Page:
Is Erdogan planning a deal with Assad?
Experts on current Turkish politics all agree on one important point: President Erdogan's foreign policy agenda is determined largely by domestic considerations. This is especially true of Ankara's policy towards its neighbour Syria. More than any other foreign policy issue, that Arab state is taking centre stage these days in the election campaign in Turkey.
The pre-eminent importance of Syria for Turkish policy is nothing new for Erdoğan, but rather a constant of his 20-year rule, first as prime minister, then as president, argues Gönül Tol in her new book Erdoğan's War: A Strongman's Struggle at Home and in Syria (Hurst and Co. Publishers, 2022). Tol demonstrates in her 300-page work that Erdogan's foreign policy "has been first and foremost about his domestic strategy to keep his grip on the country", going on to specify that "Syria occupied a unique place in Erdogan's struggle to tighten his grip on the country."
Central national interests have always been at stake for Turkey in its dealings with Syria. Today, for example, the focus is on the Syrian Kurds, who have set up a successful autonomous administration in the north of the country along its border with Turkey. Ankara sees this as a continuation of PKK policy under a different name.
Another major topic is the 3.6 million Syrian refugees who have found a new home in Turkey in the course of the Syrian civil war. Little remains of the initial "welcome culture" in Turkey. A majority of Turks would like to see the Syrians return across the border sooner rather than later. Xenophobic attacks are on the rise, and sections of the opposition are fuelling the mood with partly racist slogans. The refugee question has thus become an explosive election issue – putting the government under pressure to take action.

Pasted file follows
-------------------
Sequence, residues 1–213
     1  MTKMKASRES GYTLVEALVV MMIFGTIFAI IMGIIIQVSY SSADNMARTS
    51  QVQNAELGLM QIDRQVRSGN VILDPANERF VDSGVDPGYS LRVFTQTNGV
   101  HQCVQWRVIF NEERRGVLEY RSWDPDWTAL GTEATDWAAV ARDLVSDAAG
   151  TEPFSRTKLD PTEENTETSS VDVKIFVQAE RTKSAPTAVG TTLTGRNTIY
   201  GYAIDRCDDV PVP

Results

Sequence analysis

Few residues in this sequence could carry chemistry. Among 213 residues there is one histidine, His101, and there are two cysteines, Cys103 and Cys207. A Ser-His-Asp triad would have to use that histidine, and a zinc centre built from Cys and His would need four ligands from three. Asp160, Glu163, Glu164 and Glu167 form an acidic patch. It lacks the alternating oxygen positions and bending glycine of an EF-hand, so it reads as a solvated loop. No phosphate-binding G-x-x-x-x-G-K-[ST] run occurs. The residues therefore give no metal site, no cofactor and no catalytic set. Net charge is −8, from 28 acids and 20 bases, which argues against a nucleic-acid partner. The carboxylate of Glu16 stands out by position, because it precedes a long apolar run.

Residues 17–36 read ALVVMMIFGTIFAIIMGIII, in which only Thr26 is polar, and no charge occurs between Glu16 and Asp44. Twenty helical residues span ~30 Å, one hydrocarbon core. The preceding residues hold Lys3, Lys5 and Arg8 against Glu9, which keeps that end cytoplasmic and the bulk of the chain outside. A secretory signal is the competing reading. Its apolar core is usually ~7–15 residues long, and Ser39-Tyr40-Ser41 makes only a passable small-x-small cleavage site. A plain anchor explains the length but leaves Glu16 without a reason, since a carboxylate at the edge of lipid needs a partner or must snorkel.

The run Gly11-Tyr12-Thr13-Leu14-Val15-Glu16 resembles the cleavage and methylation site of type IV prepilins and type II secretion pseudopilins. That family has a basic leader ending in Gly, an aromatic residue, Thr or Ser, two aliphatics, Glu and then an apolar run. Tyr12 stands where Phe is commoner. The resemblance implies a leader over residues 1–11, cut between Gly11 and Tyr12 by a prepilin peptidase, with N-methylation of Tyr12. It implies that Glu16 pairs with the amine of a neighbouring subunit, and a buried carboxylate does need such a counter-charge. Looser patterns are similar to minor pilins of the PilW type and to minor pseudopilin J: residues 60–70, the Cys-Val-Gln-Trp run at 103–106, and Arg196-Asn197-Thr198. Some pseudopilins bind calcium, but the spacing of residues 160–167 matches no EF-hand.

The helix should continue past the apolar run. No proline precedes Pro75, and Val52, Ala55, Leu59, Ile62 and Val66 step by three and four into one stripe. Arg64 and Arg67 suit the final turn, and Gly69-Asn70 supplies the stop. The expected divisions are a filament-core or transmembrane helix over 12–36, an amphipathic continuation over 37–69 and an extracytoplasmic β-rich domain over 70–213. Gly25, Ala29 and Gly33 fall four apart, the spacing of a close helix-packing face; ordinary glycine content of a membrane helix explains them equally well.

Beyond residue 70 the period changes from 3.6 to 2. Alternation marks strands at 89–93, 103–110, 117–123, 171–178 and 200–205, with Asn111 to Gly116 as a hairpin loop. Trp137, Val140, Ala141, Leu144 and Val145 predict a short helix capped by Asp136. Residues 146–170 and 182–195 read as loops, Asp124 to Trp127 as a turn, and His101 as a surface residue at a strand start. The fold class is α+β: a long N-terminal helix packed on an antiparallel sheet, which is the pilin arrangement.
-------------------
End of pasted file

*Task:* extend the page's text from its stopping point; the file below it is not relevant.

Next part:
Meanwhile, there are growing indications that what can only be described as a radical U-turn in Turkey's policy on Syria is in the offing. Early in the new year, President Erdogan spoke once again – more plainly than he had previously done – about the possibility of a summit meeting with Syrian dictator Assad. Such a meeting would be the culmination of a process that Moscow has been driving behind the scenes for months with the aim of normalising relations between Ankara and Damascus. "We have launched a process as Russia-Turkey-Syria," the Turkish president said of the mutual plans. "We will bring our foreign ministers together and then, depending on developments, we will come together as leaders."
Erdogan's statement was preceded by a meeting of the defence ministers of the three countries in Moscow shortly before the turn of the year at which – according to reports – important procedural matters were clarified under the aegis of Russia, and the prospect of a summit meeting between Erdogan and the Syrian dictator Assad was then publicly communicated.
Given the complete breakdown of bilateral relations between Ankara and Damascus during the Syrian civil war, the considerable diplomatic drama of a tete-a-tete at the highest political level is clear. The last time a leading member of the Turkish government met with Assad was more than 11 years ago. In the meantime, Turkey has become the main supporter of the Syrian opposition and at times the springboard for Assad's armed opponents.
Russia for its part remains the most important mainstay of the regime in Damascus. This circumstance alone explains why Putin is so interested in a Syrian-Turkish settlement.
A potential political triumph for Putin
A summit between Assad and Erdogan would be a political triumph for Putin and a defeat for the Americans. But it is not only Moscow and Washington that are vying for power and influence in Syria: a central role in international Syrian diplomacy is also played by the United Arab Emirates, which is itself working towards normalising relations with Assad. The rulers in Abu Dhabi believe that gradually bringing the regime in Syria out of its far-reaching political and diplomatic isolation would help to check Iran's growing influence in Damascus.